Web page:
REVIEW: Rocky Horror Show UK Tour – Still making audiences shiver with anticipation

Ben Adams (Brad Majors) Joanne Clifton (Janet Weiss) Photo: Rocky Horror UK

Performance Date: 05 February 2019
Venue: Milton Keynes Theatre

In celebration of the 40th anniversary of the iconic and cult classic musical, The Rocky Horror Show embarked on a year-long UK tour back in December 2018. This week the show strutted into Milton Keynes where it is playing until February 9th.

Written as a stage play in 1973 by Richard O’Brien (The Crystal Maze), during a summer of abject boredom, it debuted in London Royal Court Theatre Upstairs. The production was quickly moved to larger venues including The Chelsea Classic Theatre and Kings Road Theatre after becoming increasingly popular. The Rocky Horror Picture Show film (starring creator O’Brien as Riff Raff) followed in 1975 and was produced largely as a parody of the science fiction/B horror movies of the era. The film also starred Meat Loaf, Tim Curry and a young Susan Sarandon in the role of Janet.

Despite being critically panned on release, the movie netted $135 million at the Box Office. Sometime during 1976 the film became known as a ‘midnight movie’ where audiences would engage with the film, shouting back at the screen and attending showings dressed as the characters – a trend now synonymous with the stage productions of the show.

Rocky Horror is one of the only stage shows where audience participation, heckling and props are not only commonplace but actively encouraged and expected. Whilst the standard and performance of the cast are important, Rocky Horror’s success is as much about audience participation as it is about what is unfolding on stage.

The plot centres around the newly engaged, super innocent, all-American couple Brad and Janet who decide to embark on a road trip to visit their former college professor. Sometime during their journey, they suffer a flat tyre, forcing them to seek assistance at a nearby castle where they encounter the ‘sweet transvestite’ scientist Doctor Frank N Furter. Arriving during a significant moment for Frank, Brad and Janet are set for a night they will never forget, played out against a backdrop of a toe-tapping soundtrack, an innuendo-laden script and outrageously risqué costumes.

2016 Strictly Come Dancing champion, turned theatre powerhouse Joanne Clifton (Thoroughly Modern Mille, Footloose) takes up the role as the sugar-sweet Janet Weiss. We all know she can dance (and dance well) but goodness she is a true triple threat. With vocals to die for Clifton brings a new dimension to Janet and singlehandedly steals the show. There aren’t many opportunities for her to stretch her vocal cords, but when she does, she does so with abundance. Her rendition of Janet’s famous solo number Touch-a, Touch-a, Touch-a, Touch Me is assured and further enhanced by some fabulous comic timing where she plays off Callum Evans’s buff Rocky.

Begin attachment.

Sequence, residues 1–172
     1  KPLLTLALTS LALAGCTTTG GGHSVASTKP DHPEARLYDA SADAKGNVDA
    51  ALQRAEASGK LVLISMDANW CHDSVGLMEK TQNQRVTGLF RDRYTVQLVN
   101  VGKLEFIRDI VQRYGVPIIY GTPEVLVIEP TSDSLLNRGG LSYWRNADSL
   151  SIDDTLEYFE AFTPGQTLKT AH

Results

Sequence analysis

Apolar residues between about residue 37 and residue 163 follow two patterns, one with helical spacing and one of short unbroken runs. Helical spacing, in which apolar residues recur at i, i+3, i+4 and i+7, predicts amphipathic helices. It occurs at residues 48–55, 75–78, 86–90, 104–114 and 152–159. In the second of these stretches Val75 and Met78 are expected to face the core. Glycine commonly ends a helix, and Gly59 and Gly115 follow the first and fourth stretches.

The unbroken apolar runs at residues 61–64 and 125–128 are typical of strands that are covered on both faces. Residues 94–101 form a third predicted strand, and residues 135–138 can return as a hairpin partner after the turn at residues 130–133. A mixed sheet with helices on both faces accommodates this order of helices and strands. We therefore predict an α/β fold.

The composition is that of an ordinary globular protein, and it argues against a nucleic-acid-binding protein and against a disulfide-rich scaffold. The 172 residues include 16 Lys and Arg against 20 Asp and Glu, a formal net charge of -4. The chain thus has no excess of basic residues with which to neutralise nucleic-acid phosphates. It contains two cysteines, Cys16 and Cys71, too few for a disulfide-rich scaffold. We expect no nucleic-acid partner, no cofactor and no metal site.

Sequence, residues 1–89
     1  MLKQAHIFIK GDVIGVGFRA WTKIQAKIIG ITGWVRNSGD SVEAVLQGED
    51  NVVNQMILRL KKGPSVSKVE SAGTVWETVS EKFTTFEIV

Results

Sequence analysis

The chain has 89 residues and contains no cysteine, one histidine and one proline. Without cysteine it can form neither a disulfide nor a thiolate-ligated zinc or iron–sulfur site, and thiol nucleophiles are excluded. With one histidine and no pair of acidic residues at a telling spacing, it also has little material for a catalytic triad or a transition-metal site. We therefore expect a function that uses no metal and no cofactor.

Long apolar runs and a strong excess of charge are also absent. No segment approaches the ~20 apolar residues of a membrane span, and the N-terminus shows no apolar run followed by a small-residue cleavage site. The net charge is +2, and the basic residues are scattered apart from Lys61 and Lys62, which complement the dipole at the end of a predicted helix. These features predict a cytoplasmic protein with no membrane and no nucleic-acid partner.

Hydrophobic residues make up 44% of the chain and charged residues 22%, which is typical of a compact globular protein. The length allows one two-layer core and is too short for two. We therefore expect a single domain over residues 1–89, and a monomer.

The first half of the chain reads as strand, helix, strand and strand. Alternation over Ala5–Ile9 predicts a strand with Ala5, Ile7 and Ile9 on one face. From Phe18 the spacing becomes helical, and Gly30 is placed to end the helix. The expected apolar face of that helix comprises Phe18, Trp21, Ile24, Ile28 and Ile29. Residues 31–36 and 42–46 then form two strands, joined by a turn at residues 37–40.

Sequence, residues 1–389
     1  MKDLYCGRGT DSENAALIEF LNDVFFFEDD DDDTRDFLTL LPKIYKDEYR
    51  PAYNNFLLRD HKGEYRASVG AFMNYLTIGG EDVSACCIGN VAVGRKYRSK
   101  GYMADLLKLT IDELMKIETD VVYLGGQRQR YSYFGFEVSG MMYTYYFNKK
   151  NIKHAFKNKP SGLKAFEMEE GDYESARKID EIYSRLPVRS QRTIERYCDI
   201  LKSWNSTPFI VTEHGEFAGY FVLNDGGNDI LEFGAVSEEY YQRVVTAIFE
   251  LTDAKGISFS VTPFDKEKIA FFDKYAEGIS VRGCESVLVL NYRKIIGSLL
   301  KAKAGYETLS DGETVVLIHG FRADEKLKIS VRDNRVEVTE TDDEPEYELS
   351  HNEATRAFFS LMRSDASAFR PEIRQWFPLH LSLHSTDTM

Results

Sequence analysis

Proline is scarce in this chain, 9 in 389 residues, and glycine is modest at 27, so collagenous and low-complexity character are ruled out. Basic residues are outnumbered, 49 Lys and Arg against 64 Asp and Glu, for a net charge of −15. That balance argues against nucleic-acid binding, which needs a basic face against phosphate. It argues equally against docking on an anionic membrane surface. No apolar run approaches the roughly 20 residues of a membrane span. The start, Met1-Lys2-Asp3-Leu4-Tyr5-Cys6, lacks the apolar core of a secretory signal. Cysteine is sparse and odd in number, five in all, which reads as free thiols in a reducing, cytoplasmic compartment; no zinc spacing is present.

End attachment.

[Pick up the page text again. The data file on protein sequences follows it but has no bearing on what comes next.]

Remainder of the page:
90’s heartthrob Ben Adams genuinely looks as if he was born to play to role of the geeky Brad Majors. Since his A1 boyband fame, Adams has gone on to establish himself as a musical theatre stalwart, starring in Flashdance the Musical and writing the hugely successful musical Eugenius!, which like Rocky Horror is fast becoming a firm cult favourite with a devoted fan base. Adams embodies the character of Brad beautifully and delivers a stunning solo performance of Once in a While. His chemistry with Clifton is believable and they complement each other wonderfully.

The role of The Narrator on the tour is being shared by several actors. Over the years the role has been played by some iconic performers including Stephen Fry, Antony Head and Richard O’Brien himself. Dom Joly (Trigger Happy TV) takes up the role in Milton Keynes and does so with class. Readily prepared for the heckling that was sure to come his way, he was equipped with some fast comebacks, a testament to his comedic background.

Kristian Lavercombe has reprised his role as Riff Raff for the tour having chalked up over 1400 performances in the musical joining it on tour in Asia, Australia and New Zealand. It is easy to see why he has been so successful in his portrayal as Riff Raff – his performance is as amusing as it is creepy and he provides arguably the most comedic interludes in the show with his nuanced looks and movement. The iconic Timewarp is where he truly comes into his own, complemented in droves by Laura Harrison as Magenta.

Stephen Webb (Jersey Boys, Titanic) steps into Frank N Furter’s basque and platform heels. Whilst his incredibly strong vocals cannot be denied, never more so than when he belts out Frank’s signature tune Sweet Transvestite, he brings unusual masculinity to the normally flamboyant, camp and at times effeminate Frank. He has also made an interesting decision to play Frank with an American accent, which does at times slip.

With audience participation such a key ingredient, it was disappointing then to see the house less than half full. As a result, the usual exuberant performance of the Timewarp where the audience jumps to their feet to join in with the choreography was a subdued affair. The same can be said for the heckling, which, save for a small group in the stalls was almost non-existent.

Unfortunately, on a wet weekday night in Milton Keynes, the audience just wasn’t at the races, arguably at the detriment to the energy of the performance. This talented cast deserve to be playing to full houses – let’s hope that the audiences of Milton Keynes hastily locate their party spirit and feather boas for the remainder of the week.

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